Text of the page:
1. Unit of Obstetrics and Gynaecology, Azienda Unità Sanitaria Locale - IRCCS, Reggio Emilia, Italy;
2. Laboratory of Translational Research, Azienda Unità Sanitaria Locale - IRCCS, Reggio Emilia, Italy;
3. Unit of Surgical Gynecol Oncology, Azienda Unità Sanitaria Locale - IRCCS, Reggio Emilia, Italy;
4. Laboratory of Molecular Biology, Azienda Unità Sanitaria Locale - IRCCS, Reggio Emilia, Italy.
* These two authors contributed equally
Background: Epithelial ovarian cancer is the most lethal gynecological malignancy because is usually diagnosed at advanced stage. New prognostic factors have been investigated but these biomarkers do not have a strong direct relationship with survival. Several studies investigated the association between AB0 blood group with ovarian cancer but with conflicting results. We investigated the association between AB0 blood group and epithelial ovarian cancer patients consecutively surgically treated at our department from 2004 to 2015.
Methods: Clinical charts of ovarian cancer patients treated and followed from 2004 to 2015 were checked for inclusion and exclusion criteria. Clinical and pathological data were recorded in an electronic separate, anonymous, password-protected database. All relevant data were extrapolated and used for final analysis.
Results: A population of 265 ovarian cancer patients was analyzed in this study. 121 (45.6%) patients presented blood type 0, 112 (42.3%) had blood type A, 23 (8.7%) B and 9 (3.4%) AB. A significantly lower percentage of death (8.7%) in patients with blood type B in comparison with patients presenting different genotypes (group 0: 34.7%, group A: 32.1%, group AB: 22.2%) was found. In invasive serous ovarian cancer patients the analysis showed a 5 fold significant reduction of the risk of death in patients with B genotype. However, postoperative residual tumor resulted the most important prognostic factor for overall survival.
Conclusions: AB0 blood group might be a preoperative prognostic factor in epithelial ovarian cancer patients. According to the literature, postoperative residual disease remain the most important prognostic factor also in our study.
Keywords: ovarian cancer, AB0 blood group, survival, prognostic factor, residual disease, neoadjuvant therapy
Epithelial ovarian cancer (EOC) is the most lethal gynecological malignancy, 238,700 new cancer cases and 151,900 cancer deaths worldwide were recorded in the 2012 . EOC represents the eighth cause of death for tumor in the women worldwide . In the 2016, the Italian Association of Cancer Registries reported 5,200 new cancer cases and 3,302 cancer deaths . Five years overall survival (OS) is of 45%  because EOC is usually diagnosed at advanced stage and no specific symptoms or diagnostic tools are available for early diagnosis [3,4]. When EOC is limited to the ovary (stages IA and IB), 5 years OS raise to 92%. However, only 15% of all EOC are found at this early stage  therefore EOC diagnosis is usually characterized by severe physical and psychological sequelae . Border line ovarian tumors (BOT) are less aggressive of EOC and affect women younger than those affected by EOC. Usually, BOT require only a surgical therapy and are characterized by a good prognosis.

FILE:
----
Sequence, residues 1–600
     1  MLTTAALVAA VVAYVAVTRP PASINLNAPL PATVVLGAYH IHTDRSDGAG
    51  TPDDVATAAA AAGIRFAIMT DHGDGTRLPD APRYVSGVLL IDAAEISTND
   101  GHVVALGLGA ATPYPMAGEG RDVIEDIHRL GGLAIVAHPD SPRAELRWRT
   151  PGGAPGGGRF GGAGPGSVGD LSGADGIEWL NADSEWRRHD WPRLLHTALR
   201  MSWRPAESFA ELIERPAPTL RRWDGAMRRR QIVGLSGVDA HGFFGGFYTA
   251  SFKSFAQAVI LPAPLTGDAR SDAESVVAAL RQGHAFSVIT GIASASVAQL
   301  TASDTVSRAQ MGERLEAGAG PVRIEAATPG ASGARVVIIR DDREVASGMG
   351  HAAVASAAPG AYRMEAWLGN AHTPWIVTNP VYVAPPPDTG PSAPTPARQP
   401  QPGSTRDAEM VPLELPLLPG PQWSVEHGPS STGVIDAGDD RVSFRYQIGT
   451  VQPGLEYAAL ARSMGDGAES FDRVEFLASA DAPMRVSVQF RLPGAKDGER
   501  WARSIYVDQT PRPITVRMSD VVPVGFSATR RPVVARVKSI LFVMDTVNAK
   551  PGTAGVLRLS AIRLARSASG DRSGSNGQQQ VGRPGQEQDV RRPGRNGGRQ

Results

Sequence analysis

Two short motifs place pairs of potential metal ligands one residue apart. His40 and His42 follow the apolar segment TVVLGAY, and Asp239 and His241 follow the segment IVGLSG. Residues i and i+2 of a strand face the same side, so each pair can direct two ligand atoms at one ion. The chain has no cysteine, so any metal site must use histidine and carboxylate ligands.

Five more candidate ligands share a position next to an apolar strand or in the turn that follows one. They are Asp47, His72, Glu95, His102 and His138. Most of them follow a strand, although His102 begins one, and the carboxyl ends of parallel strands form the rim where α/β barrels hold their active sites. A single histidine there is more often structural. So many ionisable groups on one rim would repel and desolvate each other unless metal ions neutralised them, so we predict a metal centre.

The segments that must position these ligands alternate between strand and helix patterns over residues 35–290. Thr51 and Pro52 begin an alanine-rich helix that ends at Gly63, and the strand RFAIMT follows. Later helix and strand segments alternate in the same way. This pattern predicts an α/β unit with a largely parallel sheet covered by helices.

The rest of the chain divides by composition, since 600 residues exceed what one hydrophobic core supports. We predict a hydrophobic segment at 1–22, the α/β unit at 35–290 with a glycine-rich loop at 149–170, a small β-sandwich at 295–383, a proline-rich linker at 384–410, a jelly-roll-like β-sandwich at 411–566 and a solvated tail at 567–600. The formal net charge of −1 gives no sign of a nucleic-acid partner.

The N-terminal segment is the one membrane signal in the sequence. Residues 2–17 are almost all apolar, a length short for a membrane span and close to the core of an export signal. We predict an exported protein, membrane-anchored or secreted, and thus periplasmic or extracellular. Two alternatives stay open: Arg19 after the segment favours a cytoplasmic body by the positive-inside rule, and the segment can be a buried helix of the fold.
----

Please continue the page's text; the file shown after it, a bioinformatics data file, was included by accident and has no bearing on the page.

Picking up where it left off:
Several new prognostic factors in EOC have been investigated such as tumor suppressor protein 53 (p53), oncogenes epidermal growth factor receptor (EGFR), human epidermal growth factor receptor 2 (HER-2/neu), B-cell lymphoma 2 (Bcl-2), haptoglobin, but results of a recent meta-analysis showed that these biomarkers do not have a strong direct relationship with survival, although likely their respective pathways do influence patients prognosis [6, 8, 9].
Since the first link between AB0 blood type and cancer was described in 1953, numerous studies investigated the association between AB0 blood group with gynecological  and non-gynecological cancers [11, 12].
Recently, meta-analysis confirmed that non-0 blood types are associated with significantly increased risk of gastric and pancreatic cancer [12-15], on contrary, for the other malignancies, data are inconsistent .
Here, we investigated the association between AB0 blood group with both BOT and EOC in the patients consecutively surgically treated at our department from 2004 to 2015.
AB0 blood groups and epithelial ovarian cancers: results reported in literature.
|Year||First Author (reference)||Ethnicity||Sample Size||Age (n)||Histology (n)||Grading (n)||FIGO (n)||Lymphnode Stats(n)||Recurr.||OS||0 % (n)||P value||A % (n)||P value||B % (n)||P value||AB % (n)||P value|
|2018||Seebacher V.||Caucasian (Austria)||518||61.7||High-grade serous (310)||41 (127)||0.4||40.3 (125)||0.4||12.6 (39)||0.4||6.1 (19)||0.4|
|Conclusions: ABO blood groups and RH factor are both neither associated with features of biologically aggressive disease nor clinical outcome in patients with EOC.|
|2018||Sartorius C.M.||Caucasian||282||60.7 (sd+/-13.7)||Serous (160)||56.4(53)||65.9(83)||64.5(20)||40(4)|
|Clear cell (11)||5.3(5)||3.1(4)||0(0)||20(2)|
|Mixed/ Unknown (26)||11.7(11)||10.3(13)||3.2(1)||10(1)|
|Conclusions: Relapse-free survival (RFS) in OC was significantly influenced the ABO blood groups. BG 0 and B were associated to an increased risk for recurrence compared to BG A (p value= 0.039). No difference in OS was found.|